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Grandparent’s rights


The most common question we are asked by a Grandparent is do they have a right to spend time with their grandchildren.  Unfortunately the answer is no. 

A Grandparent can ask to spend time with their grandchildren, but what should you do if the answer is no?  Often this problem arises in the context of a relationship breakdown.  For example the grandchildren might be living with your former daughter-in-law and she says no because of the problems in her relationship with her husband – your son.

It may possible to see your grandchildren whilst they are spending time with your child – their parent.  Often children spend time with their wider family when they are spending time with their parents.

But what if you have always collected your grandchildren from school once a week and given them tea as their parents were at work, but this has now stopped.  Or the grandchildren are being stopped from seeing you because their parent (your child) might be to blame for the breakdown of the parental relationship.

When you are not able to see your grandchildren at all, and all other options have failed, Grandparents can make an application to the court to see their grandchildren. 

The court must first give permission to the Grandparents to make the application.  A Grandparent does not have an automatic right to make the application.  The courts do recognise the important role of wider family members in children’s lives and therefore usually do grant permission for the application to be pursued.  However if one of the parents objects to the application, the court will have to determine whether it should proceed, the reasons for the application, the previous relationship between the grandchild and the grandparent and the impact on the child of allowing the application to proceed.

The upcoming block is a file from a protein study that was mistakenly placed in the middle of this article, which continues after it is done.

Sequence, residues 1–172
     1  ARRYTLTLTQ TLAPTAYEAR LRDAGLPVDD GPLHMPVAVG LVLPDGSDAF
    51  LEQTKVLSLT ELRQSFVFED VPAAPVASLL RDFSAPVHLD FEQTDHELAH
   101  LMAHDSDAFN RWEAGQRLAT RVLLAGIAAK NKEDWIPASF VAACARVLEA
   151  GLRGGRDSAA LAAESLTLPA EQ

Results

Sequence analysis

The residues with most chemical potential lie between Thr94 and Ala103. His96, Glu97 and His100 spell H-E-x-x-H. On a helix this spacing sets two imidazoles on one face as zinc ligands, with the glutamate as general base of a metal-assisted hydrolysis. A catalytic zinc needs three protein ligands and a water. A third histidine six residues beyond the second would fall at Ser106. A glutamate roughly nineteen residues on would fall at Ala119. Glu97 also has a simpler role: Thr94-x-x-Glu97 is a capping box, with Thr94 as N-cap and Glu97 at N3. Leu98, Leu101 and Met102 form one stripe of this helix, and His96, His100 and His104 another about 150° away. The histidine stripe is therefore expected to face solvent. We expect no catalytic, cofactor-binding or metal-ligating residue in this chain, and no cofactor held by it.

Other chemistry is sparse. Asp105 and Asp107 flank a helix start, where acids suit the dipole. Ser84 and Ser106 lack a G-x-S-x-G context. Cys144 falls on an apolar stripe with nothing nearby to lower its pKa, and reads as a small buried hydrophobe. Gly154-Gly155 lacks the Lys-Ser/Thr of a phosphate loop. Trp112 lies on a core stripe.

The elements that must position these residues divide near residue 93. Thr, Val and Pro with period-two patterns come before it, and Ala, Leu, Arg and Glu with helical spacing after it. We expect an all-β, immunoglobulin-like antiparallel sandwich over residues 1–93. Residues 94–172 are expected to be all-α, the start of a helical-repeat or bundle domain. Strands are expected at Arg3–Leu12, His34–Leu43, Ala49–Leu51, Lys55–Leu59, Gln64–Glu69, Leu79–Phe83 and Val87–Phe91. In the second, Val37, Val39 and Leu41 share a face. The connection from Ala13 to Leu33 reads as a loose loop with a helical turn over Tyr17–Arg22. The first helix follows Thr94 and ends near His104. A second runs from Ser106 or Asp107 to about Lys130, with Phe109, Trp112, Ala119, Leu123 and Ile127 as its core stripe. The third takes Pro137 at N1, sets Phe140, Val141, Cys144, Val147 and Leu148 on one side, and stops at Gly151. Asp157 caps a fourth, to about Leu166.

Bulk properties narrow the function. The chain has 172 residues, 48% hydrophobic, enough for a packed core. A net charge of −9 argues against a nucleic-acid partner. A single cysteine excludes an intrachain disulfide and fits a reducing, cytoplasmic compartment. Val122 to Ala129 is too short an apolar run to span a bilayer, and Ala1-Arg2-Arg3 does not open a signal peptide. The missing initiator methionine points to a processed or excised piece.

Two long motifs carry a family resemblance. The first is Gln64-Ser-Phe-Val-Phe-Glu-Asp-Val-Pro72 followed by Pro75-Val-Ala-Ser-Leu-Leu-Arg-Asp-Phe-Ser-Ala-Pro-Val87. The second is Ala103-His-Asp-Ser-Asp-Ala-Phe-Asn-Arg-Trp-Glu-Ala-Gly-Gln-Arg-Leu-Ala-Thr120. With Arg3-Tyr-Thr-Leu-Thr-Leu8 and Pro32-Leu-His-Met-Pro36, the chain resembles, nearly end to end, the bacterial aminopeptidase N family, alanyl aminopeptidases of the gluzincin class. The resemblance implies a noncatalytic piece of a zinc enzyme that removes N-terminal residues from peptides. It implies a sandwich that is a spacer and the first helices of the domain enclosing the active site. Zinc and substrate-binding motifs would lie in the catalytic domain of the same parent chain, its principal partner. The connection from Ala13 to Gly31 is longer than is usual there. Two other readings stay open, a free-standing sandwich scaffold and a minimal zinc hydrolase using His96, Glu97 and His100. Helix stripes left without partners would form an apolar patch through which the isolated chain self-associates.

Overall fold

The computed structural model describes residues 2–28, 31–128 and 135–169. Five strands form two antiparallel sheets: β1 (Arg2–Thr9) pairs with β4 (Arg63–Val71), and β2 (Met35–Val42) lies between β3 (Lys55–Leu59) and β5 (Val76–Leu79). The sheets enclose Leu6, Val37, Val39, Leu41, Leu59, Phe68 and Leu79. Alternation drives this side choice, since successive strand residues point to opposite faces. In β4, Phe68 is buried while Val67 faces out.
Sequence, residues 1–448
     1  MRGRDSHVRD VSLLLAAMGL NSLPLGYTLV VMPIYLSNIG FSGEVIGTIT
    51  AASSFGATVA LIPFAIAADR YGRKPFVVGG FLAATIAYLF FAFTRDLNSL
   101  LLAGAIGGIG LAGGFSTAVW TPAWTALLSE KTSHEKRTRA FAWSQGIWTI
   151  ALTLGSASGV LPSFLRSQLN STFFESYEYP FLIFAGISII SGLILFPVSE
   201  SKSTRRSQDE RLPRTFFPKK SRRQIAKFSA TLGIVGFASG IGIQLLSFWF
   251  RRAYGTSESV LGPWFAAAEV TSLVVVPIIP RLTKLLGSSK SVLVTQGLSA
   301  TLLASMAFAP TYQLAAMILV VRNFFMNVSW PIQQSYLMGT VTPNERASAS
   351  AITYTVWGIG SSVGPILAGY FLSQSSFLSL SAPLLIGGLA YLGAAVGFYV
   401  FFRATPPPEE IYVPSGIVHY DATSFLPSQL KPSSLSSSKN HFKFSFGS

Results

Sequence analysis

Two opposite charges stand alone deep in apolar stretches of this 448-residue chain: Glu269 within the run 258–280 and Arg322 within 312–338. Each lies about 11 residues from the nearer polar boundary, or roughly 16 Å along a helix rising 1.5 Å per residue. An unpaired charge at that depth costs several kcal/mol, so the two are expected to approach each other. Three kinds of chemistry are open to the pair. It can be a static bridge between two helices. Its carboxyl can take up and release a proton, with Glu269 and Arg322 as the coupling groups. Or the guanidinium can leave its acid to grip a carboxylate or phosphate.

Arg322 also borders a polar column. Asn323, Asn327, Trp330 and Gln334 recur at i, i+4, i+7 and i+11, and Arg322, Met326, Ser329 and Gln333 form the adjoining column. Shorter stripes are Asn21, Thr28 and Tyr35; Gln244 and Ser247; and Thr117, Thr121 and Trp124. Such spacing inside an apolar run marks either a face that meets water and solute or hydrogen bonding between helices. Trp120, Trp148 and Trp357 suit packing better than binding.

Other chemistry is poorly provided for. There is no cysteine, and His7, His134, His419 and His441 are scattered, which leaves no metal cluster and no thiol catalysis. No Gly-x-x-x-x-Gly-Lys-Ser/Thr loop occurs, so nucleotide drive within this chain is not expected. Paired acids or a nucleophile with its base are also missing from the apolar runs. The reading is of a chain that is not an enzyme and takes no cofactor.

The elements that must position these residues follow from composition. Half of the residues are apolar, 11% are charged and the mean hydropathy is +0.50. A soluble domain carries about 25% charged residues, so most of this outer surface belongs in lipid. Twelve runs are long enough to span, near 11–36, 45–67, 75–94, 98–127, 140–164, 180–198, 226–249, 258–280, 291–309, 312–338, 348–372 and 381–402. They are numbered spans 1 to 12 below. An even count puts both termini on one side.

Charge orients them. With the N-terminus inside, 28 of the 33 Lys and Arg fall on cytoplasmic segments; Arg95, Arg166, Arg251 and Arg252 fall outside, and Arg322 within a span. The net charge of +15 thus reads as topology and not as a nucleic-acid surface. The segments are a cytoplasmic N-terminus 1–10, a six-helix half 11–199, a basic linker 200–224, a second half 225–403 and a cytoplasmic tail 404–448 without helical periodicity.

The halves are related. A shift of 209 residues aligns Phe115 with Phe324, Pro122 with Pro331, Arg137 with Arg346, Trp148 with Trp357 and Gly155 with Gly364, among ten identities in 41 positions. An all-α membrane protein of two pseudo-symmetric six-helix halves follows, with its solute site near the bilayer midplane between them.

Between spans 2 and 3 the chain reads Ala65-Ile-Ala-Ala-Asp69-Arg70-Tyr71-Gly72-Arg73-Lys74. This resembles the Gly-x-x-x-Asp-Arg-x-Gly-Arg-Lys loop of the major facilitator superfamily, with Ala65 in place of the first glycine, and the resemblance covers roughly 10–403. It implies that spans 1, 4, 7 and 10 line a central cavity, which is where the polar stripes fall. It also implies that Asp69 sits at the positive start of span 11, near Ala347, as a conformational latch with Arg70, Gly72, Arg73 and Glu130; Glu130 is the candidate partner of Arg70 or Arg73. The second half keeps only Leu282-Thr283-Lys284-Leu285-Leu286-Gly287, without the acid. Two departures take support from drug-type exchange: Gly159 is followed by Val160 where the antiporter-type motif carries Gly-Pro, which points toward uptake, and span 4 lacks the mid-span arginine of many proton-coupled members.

If permission is granted, and the application proceeds, ultimately the court is only concerned with the welfare of the child and making an order that is in the child’s best interests.

It is obviously better for parties to agree arrangements rather than become involved in court proceedings.  No matter how difficult it may be, it is best for the Grandparents to remain neutral in any relationship breakdown, to offer to continue collecting the children once a week from school.  However it is important that you respect the wishes of the parents, and it may be that you need to make it clear that the time you spend with the grandchildren will simply be that, and no one else is around.  If, for example, Mum has made it clear that she is happy for you to see the grandchildren, but Dad is not to attend, then that wish needs to be respected.  Even if it means a tough conversation with your child.  By remaining neutral you are ideally placed to help your grandchildren through this difficult time for them.

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